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Old 02-26-2013, 04:15 AM
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Dark Knight
Location: U.S
 
Join Date: Nov 2010
Posts: 3,401
Mein Auto: '13 BMW 535i M Sport
How do our RFT's really work? You actually should drive on em if a flat occurs?

I've been imagining just how much smoother this already super smooth car can be with a proper set of tires. To be honest, I can't notice any downfalls to my RFT's since the car does ride so smoothly especially being on 19" wheels with a low suspension in stock form, but again I have no comparison points with non-RFT's on this particular car to compare to.

So figuring that for using such an apparently crappy set of tires on our cars, there has to be SOMETHING good about it, are they *really* safe to drive on if we blow a tire? And for how long? It seems like something that should get anyone paranoid, driving on 19" expensive rims with a blown tire, RFT's or not.... but again, if RFT's are NOT capable of truly being driven on during a flat, then what's their point? I.e you don't get any benefits from such a rough tire.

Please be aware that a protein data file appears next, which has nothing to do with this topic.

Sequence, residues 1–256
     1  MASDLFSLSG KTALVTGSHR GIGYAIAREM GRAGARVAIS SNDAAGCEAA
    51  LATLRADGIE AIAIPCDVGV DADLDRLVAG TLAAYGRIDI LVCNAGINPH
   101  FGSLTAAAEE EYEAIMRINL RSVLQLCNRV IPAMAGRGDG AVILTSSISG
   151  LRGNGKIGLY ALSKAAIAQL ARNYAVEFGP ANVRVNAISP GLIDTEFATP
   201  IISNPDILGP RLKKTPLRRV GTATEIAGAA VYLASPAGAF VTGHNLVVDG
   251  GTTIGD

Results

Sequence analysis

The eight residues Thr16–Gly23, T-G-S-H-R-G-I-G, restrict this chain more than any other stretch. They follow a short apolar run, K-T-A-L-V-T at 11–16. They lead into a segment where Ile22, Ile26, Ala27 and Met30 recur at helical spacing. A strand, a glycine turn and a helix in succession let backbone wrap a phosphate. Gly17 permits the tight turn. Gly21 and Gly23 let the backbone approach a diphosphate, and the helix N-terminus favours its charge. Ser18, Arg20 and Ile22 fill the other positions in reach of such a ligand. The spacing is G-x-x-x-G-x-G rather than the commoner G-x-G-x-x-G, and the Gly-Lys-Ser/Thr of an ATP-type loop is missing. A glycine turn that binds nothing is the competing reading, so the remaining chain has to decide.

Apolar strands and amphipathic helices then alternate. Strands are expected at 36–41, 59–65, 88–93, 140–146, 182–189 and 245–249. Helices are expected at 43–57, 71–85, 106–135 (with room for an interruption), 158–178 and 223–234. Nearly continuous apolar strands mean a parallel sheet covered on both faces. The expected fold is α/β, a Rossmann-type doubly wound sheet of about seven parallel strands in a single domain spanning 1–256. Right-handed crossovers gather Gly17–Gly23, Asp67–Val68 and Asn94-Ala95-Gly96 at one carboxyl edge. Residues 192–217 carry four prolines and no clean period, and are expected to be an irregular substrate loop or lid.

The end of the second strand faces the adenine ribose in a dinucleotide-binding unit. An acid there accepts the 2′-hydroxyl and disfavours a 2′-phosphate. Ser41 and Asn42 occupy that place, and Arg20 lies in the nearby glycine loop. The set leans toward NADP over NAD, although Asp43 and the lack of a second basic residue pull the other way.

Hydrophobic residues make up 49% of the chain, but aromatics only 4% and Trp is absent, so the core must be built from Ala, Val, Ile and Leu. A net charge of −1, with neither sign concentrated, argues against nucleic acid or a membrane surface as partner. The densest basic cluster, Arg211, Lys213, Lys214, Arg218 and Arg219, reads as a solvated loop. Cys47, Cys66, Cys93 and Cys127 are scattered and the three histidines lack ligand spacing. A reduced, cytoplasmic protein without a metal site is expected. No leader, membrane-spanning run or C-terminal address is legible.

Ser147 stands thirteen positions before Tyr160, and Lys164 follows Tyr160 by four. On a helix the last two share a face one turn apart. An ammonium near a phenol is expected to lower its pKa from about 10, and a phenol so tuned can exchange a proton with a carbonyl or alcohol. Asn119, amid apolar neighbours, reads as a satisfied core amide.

If there's anything that paranoias me about the RFT's deterring from ride comfort and shock-absorbsion it would be accelerating or being the reason to any interior rattles. I'd hate if RFT's would even rough things up to cost me even one interior rattle due to it.

BTW, my car has Pirelli P-Zero Nero RFT's, which I've heard is a new offering on just 2013 cars. Not sure if that's true, but if so, would there be a possibility that it's a superior RFT, which is why I don't have too many complaints toward it yet?
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'13 F10 BMW 535i Sport : Jet Black/Black-Anthracite : Premium & Technology Packages/Sport Auto Trans/Camera/Park Distance Control/Heated Seats/Tinted Windows/Blacked Out Markers/Performance Spoiler.

Ex M-B's: '11/'10/'06 E350's w/ AMG Sport Package, '02 S500 w/ Every Option.
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